Deputy President William Ruto seems to have given up the fight to reclaim his place in Jubilee’s centre of power even as he claimed that a plot was hatched to cut him down to size.
He said that soon after the 2017 polls, a movement was launched to stop his 2022 presidential bid.
“After 2017 elections, some teams came up with the ‘Stop Ruto Movement’. They demonized me and said I was corrupt. They said they would do a lifestyle audit,” he said.
The DP added that anyone perceived to be his supporter or friend was removed from the government and parliamentary committees.
President Kenyatta kicked out all Ruto allies from plump positions in key parastatals.
Ruto has now vowed to focus on his presidential ambitions after he was edged out from President Kenyatta’s inner circle.
In an interview with a local TV station, Ruto said President Uhuru Kenyatta stopped taking his advice.
Instead, the DP claimed that his boss President Kenyatta allowed his followers to humiliate him, adding that the President’s men decided that he had to be stopped after the 2017 General Election.
“Admittedly, we have challenges. The way we worked up until 2017 is different from the way we do now. It is a choice of style. It is the prerogative of the President, which I respect, to reorganize delivery of government business and who he wants to handle most of the work,” he said.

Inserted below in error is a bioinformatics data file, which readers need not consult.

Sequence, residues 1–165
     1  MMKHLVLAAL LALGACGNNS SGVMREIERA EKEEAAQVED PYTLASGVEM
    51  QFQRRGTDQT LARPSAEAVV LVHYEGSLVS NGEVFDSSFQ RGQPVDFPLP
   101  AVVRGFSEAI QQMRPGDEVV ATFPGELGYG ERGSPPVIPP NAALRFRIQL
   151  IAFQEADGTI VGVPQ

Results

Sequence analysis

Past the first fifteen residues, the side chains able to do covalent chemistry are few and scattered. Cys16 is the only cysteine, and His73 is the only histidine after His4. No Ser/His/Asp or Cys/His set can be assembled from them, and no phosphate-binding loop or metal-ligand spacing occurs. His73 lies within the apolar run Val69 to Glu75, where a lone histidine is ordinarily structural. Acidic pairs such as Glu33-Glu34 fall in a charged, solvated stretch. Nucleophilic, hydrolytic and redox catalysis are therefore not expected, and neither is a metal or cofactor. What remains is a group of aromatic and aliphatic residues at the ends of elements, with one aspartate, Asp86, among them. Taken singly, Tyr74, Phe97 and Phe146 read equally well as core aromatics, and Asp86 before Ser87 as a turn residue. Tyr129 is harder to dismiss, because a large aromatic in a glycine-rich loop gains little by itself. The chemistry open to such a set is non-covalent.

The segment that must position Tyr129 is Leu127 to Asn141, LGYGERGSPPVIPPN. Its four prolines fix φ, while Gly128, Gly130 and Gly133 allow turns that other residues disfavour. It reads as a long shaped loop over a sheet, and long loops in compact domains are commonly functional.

Ruto said President Kenyatta’s advisers and Orange Democratic Movement (ODM) leader Raila Odinga influenced the President “to turn the priorities of the Jubilee administration upside down”.
“If the President decides to elevate other people and consult more with the former leader of opposition, I have taken it with grace. The style changed and it is the prerogative of the President being the boss. The Big Four Agenda slowed down and my space was taken up by other people. It became urgent to change the Constitution,” he said.
“The Constitution says when you advise the President…your advice may or may not be taken. I am not the only adviser. It is up to the leader to choose what to take,” he said.
He said changing the laws is not a priority.
“Rather than spend four years working on remaking the Constitution, priority should have been implementing the Big Four Agenda. That would create jobs, leading to more revenue,” he said.
“We should have rolled out the National Social Security Fund Act of 2013 to create a bigger pool of resources. We need to have sufficient resources built from our taxes.”
The DP said he is working on a “marshal plan” to be implemented when he becomes president. He described it as a “bottom-up” economic model.
Dr Ruto said his administration would allocate Sh100 million to every constituency to support small and medium enterprises (SMEs).
“I intend to put money to change our configuration of the SMEs to elevate the 17 million people living below the poverty line. We will roll out the housing programme which will require a small adjustment on the legal framework,” he said.
He said the Jubilee government got it wrong to involve police in the management of the country’s economy, referring to the crackdown on corruption and economic crimes by the Directorate of Criminal Investigations.